Take, for example, the first character in the book: Chief Justice Winston Stark of the CNCS. As part of the multi-page description of Stark we are given his biography, introduced to his politics and his active goals (as well as how he goes about accomplishing them), told about his allies and enemies, and then given a specific, indepth look at how this particular character can be used in various roles in a wide array of different campaign types. We are not just given a character, we are told how the character fits into the world and how the world adapts to the character. As a result the Character Compendium does not exist as a series of disjointed snapshots of little collective interest (like looking at pictures assembled from the family albums of complete strangers), but rather paints a deeper, richer understanding of the Heavy Gear universe. Indeed I would honestly say that without the Character Compendium as part of your collection your understanding of Terra Nova will be shallower. That’s high praise for any product, and one which I’ve never felt a character compendium has even come close to achieving.
The Character Compendium is also unique because it was the first Dream Pod 9 product to include fan-generated material (other products have followed a similar process since then). In designing the book the Pod sent out a call for submissions to the pertinent on-line newsgroups and mailing lists, and the response came pouring in. The thing all of these fan-generated characters have in common is that they are members of small, dynamic groups – such as Douglas Winter’s investigating team or the anthropological group headed by Dr. Langmuir. Once again this design philosophy means that the Heavy Gear Character Compendium is superior to its competition – two plus two equals five, and the sum total of these characters is greater than their singular worth.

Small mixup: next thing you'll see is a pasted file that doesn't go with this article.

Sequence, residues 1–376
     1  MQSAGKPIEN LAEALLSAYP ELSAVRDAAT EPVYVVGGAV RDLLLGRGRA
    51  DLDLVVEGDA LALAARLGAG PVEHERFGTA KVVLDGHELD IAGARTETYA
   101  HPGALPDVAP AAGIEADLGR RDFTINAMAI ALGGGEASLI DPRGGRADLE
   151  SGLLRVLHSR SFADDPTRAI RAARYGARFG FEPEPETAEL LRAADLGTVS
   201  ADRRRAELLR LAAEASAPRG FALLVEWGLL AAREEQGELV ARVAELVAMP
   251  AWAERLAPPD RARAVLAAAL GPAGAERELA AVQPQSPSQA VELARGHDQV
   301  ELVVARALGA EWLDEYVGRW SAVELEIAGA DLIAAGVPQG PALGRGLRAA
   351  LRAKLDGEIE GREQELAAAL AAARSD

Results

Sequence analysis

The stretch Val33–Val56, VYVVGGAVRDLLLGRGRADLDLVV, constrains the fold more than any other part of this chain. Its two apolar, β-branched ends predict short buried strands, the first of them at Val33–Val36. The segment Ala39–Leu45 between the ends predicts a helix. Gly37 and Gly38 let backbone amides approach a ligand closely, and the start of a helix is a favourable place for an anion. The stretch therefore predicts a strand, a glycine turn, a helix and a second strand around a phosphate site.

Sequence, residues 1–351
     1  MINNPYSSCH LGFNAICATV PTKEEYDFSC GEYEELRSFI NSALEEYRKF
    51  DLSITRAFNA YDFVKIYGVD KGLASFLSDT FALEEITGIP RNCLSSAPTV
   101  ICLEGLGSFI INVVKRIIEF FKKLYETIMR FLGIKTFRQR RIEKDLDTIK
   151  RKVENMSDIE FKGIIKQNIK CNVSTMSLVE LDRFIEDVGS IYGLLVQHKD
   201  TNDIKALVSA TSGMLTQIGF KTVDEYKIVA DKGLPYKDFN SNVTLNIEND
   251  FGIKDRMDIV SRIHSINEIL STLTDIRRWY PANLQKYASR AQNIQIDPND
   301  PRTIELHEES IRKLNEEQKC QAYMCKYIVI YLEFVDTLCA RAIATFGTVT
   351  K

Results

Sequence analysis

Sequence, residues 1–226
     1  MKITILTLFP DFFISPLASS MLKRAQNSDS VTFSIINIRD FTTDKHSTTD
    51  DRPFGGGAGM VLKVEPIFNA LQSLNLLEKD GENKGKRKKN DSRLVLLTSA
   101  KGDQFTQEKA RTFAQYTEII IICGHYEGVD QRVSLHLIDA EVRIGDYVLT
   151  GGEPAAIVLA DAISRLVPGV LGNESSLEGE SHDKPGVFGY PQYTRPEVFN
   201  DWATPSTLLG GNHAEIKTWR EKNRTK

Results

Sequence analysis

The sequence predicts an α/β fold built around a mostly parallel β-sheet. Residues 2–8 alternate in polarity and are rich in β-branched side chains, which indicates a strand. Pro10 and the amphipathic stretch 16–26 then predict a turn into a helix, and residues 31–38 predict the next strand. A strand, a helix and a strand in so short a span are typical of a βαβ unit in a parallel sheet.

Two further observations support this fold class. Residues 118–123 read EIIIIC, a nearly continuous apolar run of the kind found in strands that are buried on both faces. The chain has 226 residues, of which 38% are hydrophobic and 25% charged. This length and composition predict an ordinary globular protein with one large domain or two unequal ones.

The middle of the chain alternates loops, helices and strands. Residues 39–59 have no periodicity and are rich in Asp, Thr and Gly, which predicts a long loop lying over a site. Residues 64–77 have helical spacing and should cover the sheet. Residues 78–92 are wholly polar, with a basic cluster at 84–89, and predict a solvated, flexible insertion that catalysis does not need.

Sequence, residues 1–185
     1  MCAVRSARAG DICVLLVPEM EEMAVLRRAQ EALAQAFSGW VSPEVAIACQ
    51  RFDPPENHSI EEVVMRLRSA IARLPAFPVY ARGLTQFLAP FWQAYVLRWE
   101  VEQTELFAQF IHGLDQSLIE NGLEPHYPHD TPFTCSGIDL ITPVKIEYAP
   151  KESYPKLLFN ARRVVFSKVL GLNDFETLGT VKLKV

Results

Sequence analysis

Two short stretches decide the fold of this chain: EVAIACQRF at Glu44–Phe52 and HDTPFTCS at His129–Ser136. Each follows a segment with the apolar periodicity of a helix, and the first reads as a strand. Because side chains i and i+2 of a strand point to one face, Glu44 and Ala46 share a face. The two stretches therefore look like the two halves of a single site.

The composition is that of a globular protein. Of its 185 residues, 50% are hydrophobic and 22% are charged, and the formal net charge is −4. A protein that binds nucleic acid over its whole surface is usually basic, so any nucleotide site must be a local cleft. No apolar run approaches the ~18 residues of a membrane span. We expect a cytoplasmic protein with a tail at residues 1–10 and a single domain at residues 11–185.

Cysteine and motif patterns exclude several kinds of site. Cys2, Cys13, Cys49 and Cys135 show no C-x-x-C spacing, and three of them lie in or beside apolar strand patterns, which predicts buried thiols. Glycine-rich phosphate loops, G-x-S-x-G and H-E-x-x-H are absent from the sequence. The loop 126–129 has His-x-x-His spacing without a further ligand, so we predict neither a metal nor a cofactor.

Unfortunately the Character Compendium was also the first Dream Pod 9 product to suffer from a lack of proofreading (other products have regrettably made the same mistake since then). Spelling typos seem to be rare, but words are obviously omitted entirely at several points in the text – and in at least one place an editor’s note has made it through to the final product. This is fairly minor stuff and only crops up occasionally (leading me to believe that two or three characters were running late and hence lacked editorial attention), and it’s the only problem in an otherwise entertaining and useful product.
So I’ve given up on thinking that Dream Pod 9 will stumble and fall in their production of character compendiums. Maybe if I take a look at GM screens, the single largest excuse to waste cardboard the world has ever produced. Maybe…
Author: Philippe R. Boulle and Others
Company/Publisher: Dream Pod 9
Page Count: 162
Originally Posted: 1999/04/26
My opinion of character compendiums has not improved in the last thirteen years. My theoretical opinion of GM screens, on the other hand, has improved considerably. (In actual practice, most GM screens are still horrid in their execution.)
For an explanation of where these reviews came from and why you can no longer find them at RPGNet, click here.